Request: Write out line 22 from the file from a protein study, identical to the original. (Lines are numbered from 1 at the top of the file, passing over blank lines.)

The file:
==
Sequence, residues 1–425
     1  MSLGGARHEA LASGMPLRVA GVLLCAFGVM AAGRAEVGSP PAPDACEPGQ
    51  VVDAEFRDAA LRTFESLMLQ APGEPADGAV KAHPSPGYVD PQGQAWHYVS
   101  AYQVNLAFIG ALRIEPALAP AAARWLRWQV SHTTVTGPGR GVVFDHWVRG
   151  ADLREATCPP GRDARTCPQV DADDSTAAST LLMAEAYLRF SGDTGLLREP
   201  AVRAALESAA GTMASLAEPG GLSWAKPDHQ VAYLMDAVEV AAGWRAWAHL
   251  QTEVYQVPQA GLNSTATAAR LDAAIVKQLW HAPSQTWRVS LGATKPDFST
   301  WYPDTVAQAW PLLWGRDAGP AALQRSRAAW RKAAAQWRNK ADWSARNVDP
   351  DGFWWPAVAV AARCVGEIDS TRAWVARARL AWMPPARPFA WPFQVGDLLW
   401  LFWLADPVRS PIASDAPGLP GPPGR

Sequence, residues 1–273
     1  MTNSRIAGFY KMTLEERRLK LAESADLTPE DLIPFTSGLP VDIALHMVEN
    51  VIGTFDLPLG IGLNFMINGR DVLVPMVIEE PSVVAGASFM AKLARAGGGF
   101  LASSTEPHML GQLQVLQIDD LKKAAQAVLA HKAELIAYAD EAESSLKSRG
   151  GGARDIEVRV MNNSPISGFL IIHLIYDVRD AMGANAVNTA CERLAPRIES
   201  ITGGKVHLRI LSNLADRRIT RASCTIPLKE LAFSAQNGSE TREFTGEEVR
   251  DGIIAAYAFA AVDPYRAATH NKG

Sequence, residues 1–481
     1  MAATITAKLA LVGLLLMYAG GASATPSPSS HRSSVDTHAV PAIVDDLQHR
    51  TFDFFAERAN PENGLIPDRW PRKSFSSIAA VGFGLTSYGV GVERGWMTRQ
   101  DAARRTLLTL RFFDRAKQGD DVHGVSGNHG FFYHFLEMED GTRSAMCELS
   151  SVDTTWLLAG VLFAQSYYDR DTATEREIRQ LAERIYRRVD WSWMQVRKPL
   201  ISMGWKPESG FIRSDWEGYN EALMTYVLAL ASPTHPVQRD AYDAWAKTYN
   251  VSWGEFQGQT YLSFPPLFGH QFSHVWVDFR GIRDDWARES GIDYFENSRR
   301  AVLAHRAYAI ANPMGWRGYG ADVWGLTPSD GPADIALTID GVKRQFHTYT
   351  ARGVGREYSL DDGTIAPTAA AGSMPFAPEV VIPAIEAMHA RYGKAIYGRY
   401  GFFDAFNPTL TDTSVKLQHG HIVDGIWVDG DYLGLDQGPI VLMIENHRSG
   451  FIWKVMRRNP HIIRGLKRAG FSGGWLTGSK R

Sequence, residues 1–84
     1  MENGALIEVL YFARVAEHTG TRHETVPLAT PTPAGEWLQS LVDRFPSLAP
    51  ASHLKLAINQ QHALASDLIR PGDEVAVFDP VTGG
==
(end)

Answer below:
   151  SVDTTWLLAG VLFAQSYYDR DTATEREIRQ LAERIYRRVD WSWMQVRKPL